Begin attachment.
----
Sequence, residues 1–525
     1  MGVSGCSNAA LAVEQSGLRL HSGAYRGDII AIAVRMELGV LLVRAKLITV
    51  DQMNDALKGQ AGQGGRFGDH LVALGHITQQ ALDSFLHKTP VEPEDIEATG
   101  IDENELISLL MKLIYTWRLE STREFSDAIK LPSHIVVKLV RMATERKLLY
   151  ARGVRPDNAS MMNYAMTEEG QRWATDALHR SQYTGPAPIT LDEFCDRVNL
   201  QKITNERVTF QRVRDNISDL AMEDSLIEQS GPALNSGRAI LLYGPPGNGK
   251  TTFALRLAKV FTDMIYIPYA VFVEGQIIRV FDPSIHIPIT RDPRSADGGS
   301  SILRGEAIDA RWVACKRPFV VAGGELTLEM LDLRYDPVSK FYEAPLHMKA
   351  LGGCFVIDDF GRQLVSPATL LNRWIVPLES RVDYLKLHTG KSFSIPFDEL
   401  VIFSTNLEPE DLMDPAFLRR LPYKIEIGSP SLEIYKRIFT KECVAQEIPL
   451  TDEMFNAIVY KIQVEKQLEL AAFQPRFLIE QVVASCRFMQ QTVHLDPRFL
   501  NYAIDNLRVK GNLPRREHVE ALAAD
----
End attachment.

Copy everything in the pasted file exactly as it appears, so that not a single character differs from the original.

Sequence, residues 1–525
     1  MGVSGCSNAA LAVEQSGLRL HSGAYRGDII AIAVRMELGV LLVRAKLITV
    51  DQMNDALKGQ AGQGGRFGDH LVALGHITQQ ALDSFLHKTP VEPEDIEATG
   101  IDENELISLL MKLIYTWRLE STREFSDAIK LPSHIVVKLV RMATERKLLY
   151  ARGVRPDNAS MMNYAMTEEG QRWATDALHR SQYTGPAPIT LDEFCDRVNL
   201  QKITNERVTF QRVRDNISDL AMEDSLIEQS GPALNSGRAI LLYGPPGNGK
   251  TTFALRLAKV FTDMIYIPYA VFVEGQIIRV FDPSIHIPIT RDPRSADGGS
   301  SILRGEAIDA RWVACKRPFV VAGGELTLEM LDLRYDPVSK FYEAPLHMKA
   351  LGGCFVIDDF GRQLVSPATL LNRWIVPLES RVDYLKLHTG KSFSIPFDEL
   401  VIFSTNLEPE DLMDPAFLRR LPYKIEIGSP SLEIYKRIFT KECVAQEIPL
   451  TDEMFNAIVY KIQVEKQLEL AAFQPRFLIE QVVASCRFMQ QTVHLDPRFL
   501  NYAIDNLRVK GNLPRREHVE ALAAD